“Emails are good for repeat donors, and those do really well, but really I feel like if we have an event and people meet Catalina and they are inspired by her, the most important thing I can do is walk around the room with an iPad and ask people if they want to make an additional donation,” Siff said. “If I send an email the day after a fundraiser and say, ‘Wasn’t that inspiring?! Do you want to donate again?’ It’s going to be a single-percentage response rate.”

Breaking into wealthy donor networks can be tricky — even when those donors are women.

Krish Vignarajah, a 2018 gubernatorial candidate in Maryland, received plenty of donations from women. But the reaction she received from wealthy women who had made their way into male-dominated networks surprised her. When she asked some of these high-level donors for money, she said she’d often hear “Let me check with my partner, my spouse [before making a donation],” Vignarajah said. “Many of these people are women from the Fortune Most Powerful Women network, for example. So I’m talking CEOs, COOs — women who still, time and time again, are just like, ‘I need to talk to my husband.’”
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Be prepared to pitch yourself — and don’t get discouraged if you don’t win everybody over.

“Women still face the structural barrier of fundraising,” said Vignarajah. “It’s incredibly hard to fundraise as a woman, and especially a woman of color... You [had] Silicon Valley executives maxing out to some of the guys’ campaigns [in my primary last year]. Whereas, and I won’t name names, I went out to an acquaintance who is a senior leader at Facebook and just noted in my pitch that there are no women in federal statewide office [in Maryland] and the response I got was ‘No, I will not write you a check, because I’ve already supported one of your male candidates, and I find it offensive that you would note those numbers.’” In other words: Please don’t point out the gender gap in politics to me, so that I don’t have to feel bad for keeping it in place.
Vignarajah told him, “Look, I’m pointing out the statistics,” but it didn’t move the needle. “You realize that sometimes when you’re explaining the statistics, people hear that as a personal attack and it’s not. But that’s when you realize these are still sensitive topics.”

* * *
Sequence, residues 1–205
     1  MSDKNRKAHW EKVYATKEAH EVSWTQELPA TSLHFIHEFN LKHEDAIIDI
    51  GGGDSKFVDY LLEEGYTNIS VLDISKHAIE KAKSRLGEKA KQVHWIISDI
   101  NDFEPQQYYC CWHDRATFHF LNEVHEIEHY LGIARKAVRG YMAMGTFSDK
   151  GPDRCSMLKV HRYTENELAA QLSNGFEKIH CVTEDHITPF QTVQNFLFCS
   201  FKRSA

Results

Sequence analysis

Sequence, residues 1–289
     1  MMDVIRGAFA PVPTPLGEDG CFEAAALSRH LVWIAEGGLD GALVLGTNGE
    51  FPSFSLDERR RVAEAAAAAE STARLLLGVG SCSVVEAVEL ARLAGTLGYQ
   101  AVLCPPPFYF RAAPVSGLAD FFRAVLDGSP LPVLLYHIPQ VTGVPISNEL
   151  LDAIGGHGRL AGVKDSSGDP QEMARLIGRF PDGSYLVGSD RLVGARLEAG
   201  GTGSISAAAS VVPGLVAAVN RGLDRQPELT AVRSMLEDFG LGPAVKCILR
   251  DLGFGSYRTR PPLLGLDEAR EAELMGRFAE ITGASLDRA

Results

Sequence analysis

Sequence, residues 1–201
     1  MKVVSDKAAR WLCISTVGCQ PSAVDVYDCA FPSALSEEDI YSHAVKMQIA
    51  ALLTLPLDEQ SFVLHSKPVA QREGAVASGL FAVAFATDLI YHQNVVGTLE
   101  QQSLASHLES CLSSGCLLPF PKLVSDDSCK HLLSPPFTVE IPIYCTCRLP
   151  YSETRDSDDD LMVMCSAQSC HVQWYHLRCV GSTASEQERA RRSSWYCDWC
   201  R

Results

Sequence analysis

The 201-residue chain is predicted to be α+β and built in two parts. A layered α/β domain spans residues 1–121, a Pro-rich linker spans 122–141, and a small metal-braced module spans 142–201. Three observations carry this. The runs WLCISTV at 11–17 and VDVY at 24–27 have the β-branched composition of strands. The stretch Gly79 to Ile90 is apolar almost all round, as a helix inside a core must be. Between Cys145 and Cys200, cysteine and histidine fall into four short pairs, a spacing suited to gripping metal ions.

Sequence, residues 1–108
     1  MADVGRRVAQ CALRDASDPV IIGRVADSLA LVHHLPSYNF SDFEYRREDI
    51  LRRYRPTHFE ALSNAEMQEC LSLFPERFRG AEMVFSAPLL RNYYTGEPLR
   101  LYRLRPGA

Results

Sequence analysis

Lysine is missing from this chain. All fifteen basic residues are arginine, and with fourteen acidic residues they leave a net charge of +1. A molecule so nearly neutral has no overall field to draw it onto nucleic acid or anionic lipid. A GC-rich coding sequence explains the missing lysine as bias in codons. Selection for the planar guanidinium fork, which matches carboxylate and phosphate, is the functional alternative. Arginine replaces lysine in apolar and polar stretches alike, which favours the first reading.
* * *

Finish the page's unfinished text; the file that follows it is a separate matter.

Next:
Money matters, but votes matter more.

In her work supporting Black female candidates, Peeler-Allen said she often found herself reminding candidates that it’s not all about money. The end game was votes, not cash. “I tell them not to get stuck on ‘Oh, I have to raise this huge number, so that means I have to get all of these people to write these huge checks, and I don’t know people who can write these huge checks,’” she said. “But instead, being able to say, ‘Okay, I have this network. I have this group of friends. I can talk to these particular people and use my own relationships, and as I’m traveling around my district, really making this a campaign about the people.’ That has overcome a lot of barriers.”
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If money is tight, suggest donors make a “shift.”

One way to engage small donors is to ask them not to give money but to shift money. Would the person on the other end of the line be willing to give up, for instance, a cup of Starbucks — and give that $4 to the campaign instead? How about a $15 movie? Asking for one-time “shifts” was a way to engage with donors who might not want to or be in a financial position to give extra, but would potentially consider reallocating funds they’d already worked into their budget. “Unfortunately, that means that inevitably, [the candidate] will end up having to talk to more people to raise the money they need to raise,” said Peeler-Allen. “But the other piece of it that we talk to candidates about all the time is you don’t have to match your competitor dollar for dollar. You need to figure out what it’s going to cost for you to run your campaign, and raise that amount.”
This is an excerpt adapted from See Jane Win: The Inspiring Story of the Women Changing American Politics by Caitlin Moscatello. Copyright @ Caitlin Moscatello 2019. Reprinted by permission of Dutton.